The hot, humid weather that makes us want to fire up our air conditioners is also weather that is prone to thunderstorms. The idea that a nearby lightning strike can affect your home’s HVAC unit is a legitimate concern. But running your AC during a thunderstorm can lead to some serious damage.
We know what you’re thinking: “Turn off my AC during hot weather? No way!” We’re sorry to inform you that the best way to prevent lightning damage to your air conditioning system is to shut it off during thunderstorms. But the good news is humidity and temperatures can drop during thunderstorms, so it’s not so bad now, is it?
Make no mistake about it: damage caused by a lightning strike can kill your air conditioner, which is full of sensitive electrical circuitry. (FREESTYLE ALERT!) This could lead to a costly air conditioning repair, and that’s when you know it’s time to call Super Heat & Air! (Pretty slick, huh?)
But anyway, an air conditioner’s system controls can be corrupted if a lightning strike occurs while the system is operating. It may not damage your HVAC unit right away. But the power surges that follow an outage from a thunderstorm can mess up your air conditioner. Power surges create a spike in voltage that can damage appliances and electronics. The effects of lightning strikes on an air conditioning unit may not be immediately noticeable. However, you may experience poor performance from your unit over time.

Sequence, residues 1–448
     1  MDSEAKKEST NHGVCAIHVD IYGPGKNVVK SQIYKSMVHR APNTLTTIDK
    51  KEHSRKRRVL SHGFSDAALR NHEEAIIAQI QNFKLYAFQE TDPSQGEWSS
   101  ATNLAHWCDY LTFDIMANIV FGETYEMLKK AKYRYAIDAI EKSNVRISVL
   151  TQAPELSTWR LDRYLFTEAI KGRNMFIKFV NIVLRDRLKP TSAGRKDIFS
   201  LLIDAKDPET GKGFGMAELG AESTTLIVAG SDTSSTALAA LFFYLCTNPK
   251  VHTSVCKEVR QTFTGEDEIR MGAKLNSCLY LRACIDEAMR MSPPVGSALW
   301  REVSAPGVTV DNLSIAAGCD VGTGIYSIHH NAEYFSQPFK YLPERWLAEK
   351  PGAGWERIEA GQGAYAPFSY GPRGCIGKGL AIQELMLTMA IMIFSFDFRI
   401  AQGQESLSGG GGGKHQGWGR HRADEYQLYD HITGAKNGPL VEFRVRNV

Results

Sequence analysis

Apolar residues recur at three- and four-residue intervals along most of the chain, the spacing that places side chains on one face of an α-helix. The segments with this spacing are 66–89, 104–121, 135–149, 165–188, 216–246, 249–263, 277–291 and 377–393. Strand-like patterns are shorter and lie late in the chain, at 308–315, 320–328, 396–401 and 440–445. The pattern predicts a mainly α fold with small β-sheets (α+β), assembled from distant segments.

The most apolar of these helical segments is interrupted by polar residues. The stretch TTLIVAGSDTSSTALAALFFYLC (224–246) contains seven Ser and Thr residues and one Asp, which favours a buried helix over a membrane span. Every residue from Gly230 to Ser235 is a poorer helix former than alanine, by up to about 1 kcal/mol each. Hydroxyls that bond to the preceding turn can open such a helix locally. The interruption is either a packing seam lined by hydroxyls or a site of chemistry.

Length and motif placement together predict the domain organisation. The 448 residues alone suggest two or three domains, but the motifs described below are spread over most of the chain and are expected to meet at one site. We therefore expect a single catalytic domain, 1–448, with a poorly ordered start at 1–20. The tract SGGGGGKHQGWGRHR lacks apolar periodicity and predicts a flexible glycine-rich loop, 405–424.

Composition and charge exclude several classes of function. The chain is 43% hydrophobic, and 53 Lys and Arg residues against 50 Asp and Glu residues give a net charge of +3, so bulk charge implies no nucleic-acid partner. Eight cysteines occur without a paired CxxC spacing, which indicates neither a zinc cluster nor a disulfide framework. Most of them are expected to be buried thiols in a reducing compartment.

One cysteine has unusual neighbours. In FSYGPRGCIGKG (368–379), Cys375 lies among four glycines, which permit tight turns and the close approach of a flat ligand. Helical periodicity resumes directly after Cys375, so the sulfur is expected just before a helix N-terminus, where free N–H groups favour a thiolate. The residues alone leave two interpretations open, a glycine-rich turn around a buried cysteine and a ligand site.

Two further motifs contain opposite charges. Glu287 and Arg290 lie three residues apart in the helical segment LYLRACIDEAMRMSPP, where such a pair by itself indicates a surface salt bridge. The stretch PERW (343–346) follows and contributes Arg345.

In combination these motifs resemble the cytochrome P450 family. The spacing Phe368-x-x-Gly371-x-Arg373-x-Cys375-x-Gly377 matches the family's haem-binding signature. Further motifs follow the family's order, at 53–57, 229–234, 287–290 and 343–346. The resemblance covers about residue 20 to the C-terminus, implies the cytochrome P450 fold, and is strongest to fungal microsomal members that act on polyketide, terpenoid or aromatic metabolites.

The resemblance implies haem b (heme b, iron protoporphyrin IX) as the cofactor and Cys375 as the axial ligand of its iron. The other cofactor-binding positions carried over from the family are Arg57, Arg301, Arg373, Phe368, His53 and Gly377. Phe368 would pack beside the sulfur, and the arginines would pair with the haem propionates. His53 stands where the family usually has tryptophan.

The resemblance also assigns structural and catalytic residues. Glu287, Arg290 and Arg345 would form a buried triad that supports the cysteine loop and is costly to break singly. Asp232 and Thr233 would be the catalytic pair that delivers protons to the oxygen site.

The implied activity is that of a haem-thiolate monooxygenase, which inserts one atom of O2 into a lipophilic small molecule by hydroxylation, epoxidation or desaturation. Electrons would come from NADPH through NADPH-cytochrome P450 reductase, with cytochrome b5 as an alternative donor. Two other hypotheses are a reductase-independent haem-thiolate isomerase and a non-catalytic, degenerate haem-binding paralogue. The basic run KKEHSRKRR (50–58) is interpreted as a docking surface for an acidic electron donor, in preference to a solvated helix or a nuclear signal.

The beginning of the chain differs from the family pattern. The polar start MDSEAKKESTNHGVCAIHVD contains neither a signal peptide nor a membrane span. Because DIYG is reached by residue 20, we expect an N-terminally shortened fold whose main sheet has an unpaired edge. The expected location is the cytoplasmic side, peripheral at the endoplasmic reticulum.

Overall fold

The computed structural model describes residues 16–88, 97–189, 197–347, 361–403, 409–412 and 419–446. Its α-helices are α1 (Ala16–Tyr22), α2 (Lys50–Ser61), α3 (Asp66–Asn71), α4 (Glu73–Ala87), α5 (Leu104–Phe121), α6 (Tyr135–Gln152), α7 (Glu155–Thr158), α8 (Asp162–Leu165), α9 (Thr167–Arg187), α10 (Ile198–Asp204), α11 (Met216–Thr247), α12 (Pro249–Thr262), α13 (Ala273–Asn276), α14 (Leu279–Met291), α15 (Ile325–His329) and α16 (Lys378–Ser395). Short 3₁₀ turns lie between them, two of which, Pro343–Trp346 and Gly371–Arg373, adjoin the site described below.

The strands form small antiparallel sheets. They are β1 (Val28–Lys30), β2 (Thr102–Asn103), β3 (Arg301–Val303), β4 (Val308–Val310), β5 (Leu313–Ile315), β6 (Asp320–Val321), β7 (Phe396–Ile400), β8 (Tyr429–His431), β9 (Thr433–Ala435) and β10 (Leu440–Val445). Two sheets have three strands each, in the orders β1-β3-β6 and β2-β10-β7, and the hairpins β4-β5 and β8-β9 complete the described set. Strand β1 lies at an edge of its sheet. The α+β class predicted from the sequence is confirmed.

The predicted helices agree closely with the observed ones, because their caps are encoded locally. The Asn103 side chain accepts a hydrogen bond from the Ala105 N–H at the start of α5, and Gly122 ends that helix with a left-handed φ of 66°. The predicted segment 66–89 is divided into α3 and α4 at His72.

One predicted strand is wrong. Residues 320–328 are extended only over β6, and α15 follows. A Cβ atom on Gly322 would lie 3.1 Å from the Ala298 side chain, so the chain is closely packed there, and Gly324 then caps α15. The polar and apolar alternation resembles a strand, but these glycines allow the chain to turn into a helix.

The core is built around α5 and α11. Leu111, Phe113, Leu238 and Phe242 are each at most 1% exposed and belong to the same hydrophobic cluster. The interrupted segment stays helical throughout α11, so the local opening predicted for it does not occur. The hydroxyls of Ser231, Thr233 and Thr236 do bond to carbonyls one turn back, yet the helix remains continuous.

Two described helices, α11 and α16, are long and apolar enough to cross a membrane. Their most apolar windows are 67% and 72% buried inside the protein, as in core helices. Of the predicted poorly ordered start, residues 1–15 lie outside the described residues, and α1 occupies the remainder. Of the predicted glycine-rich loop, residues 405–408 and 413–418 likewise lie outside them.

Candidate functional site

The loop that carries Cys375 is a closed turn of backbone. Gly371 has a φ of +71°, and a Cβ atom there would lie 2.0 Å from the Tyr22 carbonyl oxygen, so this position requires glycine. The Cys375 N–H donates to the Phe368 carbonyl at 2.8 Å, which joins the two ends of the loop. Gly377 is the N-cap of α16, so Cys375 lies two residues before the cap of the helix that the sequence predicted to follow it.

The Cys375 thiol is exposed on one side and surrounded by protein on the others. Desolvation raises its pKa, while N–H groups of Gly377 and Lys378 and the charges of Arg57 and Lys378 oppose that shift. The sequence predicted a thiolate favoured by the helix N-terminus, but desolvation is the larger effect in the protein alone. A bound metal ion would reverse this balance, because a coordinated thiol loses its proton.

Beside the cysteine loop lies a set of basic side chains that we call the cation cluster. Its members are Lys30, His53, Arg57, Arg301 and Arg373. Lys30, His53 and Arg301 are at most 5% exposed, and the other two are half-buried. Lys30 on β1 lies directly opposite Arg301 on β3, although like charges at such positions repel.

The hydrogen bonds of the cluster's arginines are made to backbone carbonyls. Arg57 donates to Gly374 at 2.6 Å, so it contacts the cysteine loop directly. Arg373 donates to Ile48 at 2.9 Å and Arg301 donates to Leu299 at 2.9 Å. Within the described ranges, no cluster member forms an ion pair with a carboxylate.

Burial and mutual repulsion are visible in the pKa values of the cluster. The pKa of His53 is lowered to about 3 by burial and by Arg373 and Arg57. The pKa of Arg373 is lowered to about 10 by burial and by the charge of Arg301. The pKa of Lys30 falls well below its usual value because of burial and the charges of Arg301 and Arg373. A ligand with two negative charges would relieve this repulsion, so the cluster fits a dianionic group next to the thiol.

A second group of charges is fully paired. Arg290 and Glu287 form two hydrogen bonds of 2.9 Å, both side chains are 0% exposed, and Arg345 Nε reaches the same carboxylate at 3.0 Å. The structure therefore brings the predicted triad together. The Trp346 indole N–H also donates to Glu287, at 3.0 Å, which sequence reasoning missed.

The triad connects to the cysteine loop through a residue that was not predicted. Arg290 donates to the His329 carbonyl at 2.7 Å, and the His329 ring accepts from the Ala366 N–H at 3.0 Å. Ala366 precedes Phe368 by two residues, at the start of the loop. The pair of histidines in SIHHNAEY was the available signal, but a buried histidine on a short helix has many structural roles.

Lightning strikes can create a plethora of problems for your air conditioning unit, including a damaged capacitor. It’s one of the parts most commonly affected by lightning and one of the most common problems associated with a damaged air conditioner. Basically if the capacitor goes, the compressor will soon follow.
A compressor is one of the most expensive parts of an air conditioner to fix or replace. And it can take months for an air conditioning system to fail after the compressor has been damaged. A spike in voltage could also cause the breaker to trip or fuses to blow due to damaged electrical lines. A power surge can burn electrical wires within the air conditioner or within your home, which could lead to air conditioning unit failure.
Ever seen an abstinence PSA, where they say the best protection from pregnancy or STDs is abstinence? The same principle can be applied here: the best way to protect your HVAC unit is to abstain from using it during a storm. That means there is lightning protection out there for your AC. But unfortunately, there’s not a whole lot you can do to prevent a direct lightning strike from damaging your air conditioner during a thunderstorm. We can’t predict when or where lightning will strike. However, there are protective measures you can take to reduce the risk of damage.
One measure you can take is surge protection for your entire home. Surge protection is a great idea and a wise investment. However, it may not provide enough protection alone against a lightning strike. Aside from surge protectors, you can have lightning rods, conductors and ground rods installed to create an alternate path for lightning to reach the ground and prevent it from traveling through your home’s electrical system. But again, the best protection is to not run your air conditioner during a lightning storm, period.